SCHUBERT: Viola. Ganymed. Die Sommernacht. Romanze. An den Mond in einer Herbstnacht. Litanei aus das Fest Allerseelen. Greisengesang. Der Winterabend. Klage der Ceres / Sharon Carty, mezzo; Jonathan Ware, pno / Genuin 20697
This is a classical concept album with an interesting twist. Irish mezzo-soprano Sharon Carty has selected nine mostly lesser-known Schubert lied (only Ganymed jumped out at me as a title I had seen before) arranged in a manner celebrating the four seasons. The arrangement is as follows:
Spring: Viola, Ganymed.
Summer: Die Sommernacht, Romanze.
Autumn: An den Mond in einer Herbstnacht, Litanei aus das Fest.
Winter: Greisengesang, Der Winterabend, Klage der Ceres.
It’s an interesting program, particularly since it opens with one of Schubert’s longest songs other than Der Hirt aus dem Felsen (which, of course, could also have been a spring song if she included a clarinetist). Carty has a very pretty voice with next to no vibrato and very fine phrasing, but her deficit is that she doesn’t interpret much at all except in a generic way. This puts her recital in the same category as Elly Ameling’s Schubert. For those of you not old enough to remember, Ameling had one of the prettiest soprano voices of the 1960s and ‘70s, but couldn’t interpret if you put a gun to her head. Of course, this didn’t stop critics, particularly the British critics, from falling all over her while such superior female song interpreters like Carole Bogard went practically unnoticed.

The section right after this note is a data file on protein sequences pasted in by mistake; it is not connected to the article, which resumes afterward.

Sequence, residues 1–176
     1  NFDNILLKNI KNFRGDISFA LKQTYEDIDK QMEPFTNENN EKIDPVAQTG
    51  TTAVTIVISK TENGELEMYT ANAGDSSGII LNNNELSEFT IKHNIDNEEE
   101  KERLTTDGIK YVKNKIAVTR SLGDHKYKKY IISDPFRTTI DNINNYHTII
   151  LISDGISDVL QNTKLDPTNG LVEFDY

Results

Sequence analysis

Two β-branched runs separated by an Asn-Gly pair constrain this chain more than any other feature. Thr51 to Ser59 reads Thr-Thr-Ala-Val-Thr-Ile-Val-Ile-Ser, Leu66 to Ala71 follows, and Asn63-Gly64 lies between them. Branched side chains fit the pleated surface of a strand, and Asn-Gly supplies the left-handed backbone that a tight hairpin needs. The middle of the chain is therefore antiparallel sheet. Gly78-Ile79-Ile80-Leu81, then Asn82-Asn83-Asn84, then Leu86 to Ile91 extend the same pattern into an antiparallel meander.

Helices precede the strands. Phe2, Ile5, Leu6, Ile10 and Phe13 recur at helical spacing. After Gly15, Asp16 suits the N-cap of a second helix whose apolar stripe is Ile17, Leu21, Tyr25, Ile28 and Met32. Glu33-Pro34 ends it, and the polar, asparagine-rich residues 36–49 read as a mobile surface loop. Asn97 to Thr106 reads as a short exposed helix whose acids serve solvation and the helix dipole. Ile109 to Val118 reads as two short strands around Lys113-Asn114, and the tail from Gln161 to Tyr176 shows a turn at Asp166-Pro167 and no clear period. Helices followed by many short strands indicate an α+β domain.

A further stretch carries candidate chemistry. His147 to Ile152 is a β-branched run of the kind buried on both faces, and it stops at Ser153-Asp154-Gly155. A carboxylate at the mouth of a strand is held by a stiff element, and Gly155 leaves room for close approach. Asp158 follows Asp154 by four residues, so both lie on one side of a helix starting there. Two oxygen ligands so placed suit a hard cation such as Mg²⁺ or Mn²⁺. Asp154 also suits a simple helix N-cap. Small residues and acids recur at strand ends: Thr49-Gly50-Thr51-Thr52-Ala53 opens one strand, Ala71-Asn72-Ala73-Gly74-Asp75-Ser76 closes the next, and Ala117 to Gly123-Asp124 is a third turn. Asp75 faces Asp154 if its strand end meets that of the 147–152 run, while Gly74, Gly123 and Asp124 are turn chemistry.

Granted, the words of Viola aren’t exactly terribly dramatic or poetic. They exalt the melting of the snowdrops to make way for the “happy time” of spring, “So that the flowers of the earth / Rise from their dark nests / And to prove worthy of the bridegroom / Adorn themselves for the wedding feast,” but she could have tried to sound happy at least. Nor does pianist Jonathan Ware help her any; his playing is as bland as her singing.
So I’m rather down on Carty as an artist but very high on her as a vocalist. I wish her well and hope that someday she does develop some interpretive skills. Voices as pretty as hers don’t exactly grow on trees. But as of right now, she’s a cipher.
—© 2020 Lynn René Bayley
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